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Euro makes headway against Sterling

Wednesday, August 27 16:52:52

Sterling pared gains against the euro today after European Central Bank sources told Reuters the bank was unlikely to loosen policy next week unless inflation drops sharply.

Traders said the comments made monetary easing look less likely for now, providing some relief for the struggling euro. The currency had reached a two-week low against the pound and a one-year trough against the dollar earlier in the day.

Earlier, German bond yields had fallen to record lows on speculation the ECB would resort to asset purchases, or quantitative easing, to revive the euro zone's economy. That had helped widen interest rate differentials in favour of sterling fixed-income assets, which in turn pushed up the pound.

In contrast to expectations of ECB easing, investors are factoring in the likelihood the Bank of England will tighten policy sometime in early 2015.

The euro recovered to 79.615 in afternoon trade, after dropping to a two-week low of 79.385 earlier in the day. The euro has shed 0.9 percent since ECB chief Mario Draghi flagged the possibility of more monetary stimulus at Jackson Hole last Friday.

Euro zone inflation data will be released on Friday. Analysts polled by Reuters expect annual inflation to have slowed to 0.3 percent in August from 0.4 percent in July, falling even further below the ECB's target of close to, but below, 2 percent.

Risks of a soft inflation reading are likely to make it tough for the euro to gain much ground.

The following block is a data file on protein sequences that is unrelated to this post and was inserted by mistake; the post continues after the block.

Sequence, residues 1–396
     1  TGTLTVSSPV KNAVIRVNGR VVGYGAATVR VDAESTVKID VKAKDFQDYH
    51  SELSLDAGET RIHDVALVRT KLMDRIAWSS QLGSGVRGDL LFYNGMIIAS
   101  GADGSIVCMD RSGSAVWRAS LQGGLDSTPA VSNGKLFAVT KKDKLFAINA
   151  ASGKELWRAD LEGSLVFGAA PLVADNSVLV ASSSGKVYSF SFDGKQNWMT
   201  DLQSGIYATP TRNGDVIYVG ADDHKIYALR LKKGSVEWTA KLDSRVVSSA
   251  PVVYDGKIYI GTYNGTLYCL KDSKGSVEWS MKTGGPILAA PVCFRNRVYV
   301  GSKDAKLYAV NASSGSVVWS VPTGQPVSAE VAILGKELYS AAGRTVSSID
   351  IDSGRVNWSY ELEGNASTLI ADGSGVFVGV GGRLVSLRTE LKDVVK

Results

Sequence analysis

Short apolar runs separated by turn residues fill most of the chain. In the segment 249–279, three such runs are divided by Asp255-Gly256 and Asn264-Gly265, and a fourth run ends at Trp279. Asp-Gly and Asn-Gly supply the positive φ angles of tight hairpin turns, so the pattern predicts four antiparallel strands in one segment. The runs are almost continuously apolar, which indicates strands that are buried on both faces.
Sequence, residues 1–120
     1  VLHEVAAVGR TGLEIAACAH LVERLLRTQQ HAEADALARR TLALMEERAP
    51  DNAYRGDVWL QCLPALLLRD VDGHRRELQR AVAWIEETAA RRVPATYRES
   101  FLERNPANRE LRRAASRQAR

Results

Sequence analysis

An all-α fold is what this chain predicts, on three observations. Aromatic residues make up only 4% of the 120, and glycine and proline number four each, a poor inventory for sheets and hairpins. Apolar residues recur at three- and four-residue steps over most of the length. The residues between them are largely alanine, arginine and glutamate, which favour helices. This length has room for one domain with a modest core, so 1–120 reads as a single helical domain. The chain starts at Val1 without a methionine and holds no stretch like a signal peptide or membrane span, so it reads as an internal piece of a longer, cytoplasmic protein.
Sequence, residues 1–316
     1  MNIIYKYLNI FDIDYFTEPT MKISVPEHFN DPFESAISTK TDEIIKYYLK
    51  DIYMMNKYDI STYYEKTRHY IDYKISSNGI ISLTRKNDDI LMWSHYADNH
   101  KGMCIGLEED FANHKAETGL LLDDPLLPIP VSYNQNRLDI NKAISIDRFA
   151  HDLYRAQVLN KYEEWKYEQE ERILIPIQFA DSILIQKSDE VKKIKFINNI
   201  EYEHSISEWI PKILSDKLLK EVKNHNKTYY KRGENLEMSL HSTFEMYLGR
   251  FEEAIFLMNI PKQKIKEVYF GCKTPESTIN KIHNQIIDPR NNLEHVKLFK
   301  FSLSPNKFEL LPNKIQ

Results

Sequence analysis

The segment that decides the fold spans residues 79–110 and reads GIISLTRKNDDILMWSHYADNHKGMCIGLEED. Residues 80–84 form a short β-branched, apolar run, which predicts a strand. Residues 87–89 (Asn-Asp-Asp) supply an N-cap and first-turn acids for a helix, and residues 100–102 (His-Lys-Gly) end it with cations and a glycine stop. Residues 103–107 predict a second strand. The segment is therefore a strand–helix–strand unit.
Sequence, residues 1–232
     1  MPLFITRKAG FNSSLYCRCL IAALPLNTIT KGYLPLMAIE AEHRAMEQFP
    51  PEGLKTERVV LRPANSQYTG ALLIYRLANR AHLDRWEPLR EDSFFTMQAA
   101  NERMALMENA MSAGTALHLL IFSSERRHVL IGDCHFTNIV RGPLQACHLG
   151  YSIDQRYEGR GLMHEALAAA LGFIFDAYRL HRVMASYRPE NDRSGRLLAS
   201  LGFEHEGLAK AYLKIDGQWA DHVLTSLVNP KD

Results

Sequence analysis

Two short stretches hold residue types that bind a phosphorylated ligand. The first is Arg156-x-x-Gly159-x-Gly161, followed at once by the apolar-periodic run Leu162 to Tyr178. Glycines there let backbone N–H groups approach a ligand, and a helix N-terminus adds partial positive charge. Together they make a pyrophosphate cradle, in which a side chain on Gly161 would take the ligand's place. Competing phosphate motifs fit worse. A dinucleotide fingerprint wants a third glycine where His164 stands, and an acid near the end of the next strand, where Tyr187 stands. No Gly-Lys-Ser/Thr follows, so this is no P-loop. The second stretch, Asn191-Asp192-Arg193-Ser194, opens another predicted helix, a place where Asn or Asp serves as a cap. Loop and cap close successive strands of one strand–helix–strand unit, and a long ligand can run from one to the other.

"The UK data calendar is light into next week, thus the euro/sterling trend will largely be determined by the euro. Risks look skewed to 79.10/20 pence," said Chris Turner, head of currency strategy at ING.

Sterling held its gains against the dollar, strengthening by 0.25 percent to $1.6580. That was well above the five-month low of $1.6501 struck on Monday after Scotland's pro-independence leader Alex Salmond won a final TV debate before a Sept. 18 referendum.

Opinion polls still suggest Scots will reject independence.

Apart from the uncertainty over the Scottish referendum, which has the pound back to some extent, sterling has also suffered as investors have unwound aggressive expectations of rate hikes later this year.

Last week, minutes from the BoE's latest policy committee meeting showing two of the nine members voted for an immediate rate increase. But falling wages and slowing inflation, as well as dovish signals from the central bank, have led many to push back rate-rise expectations well into 2015. For more visit: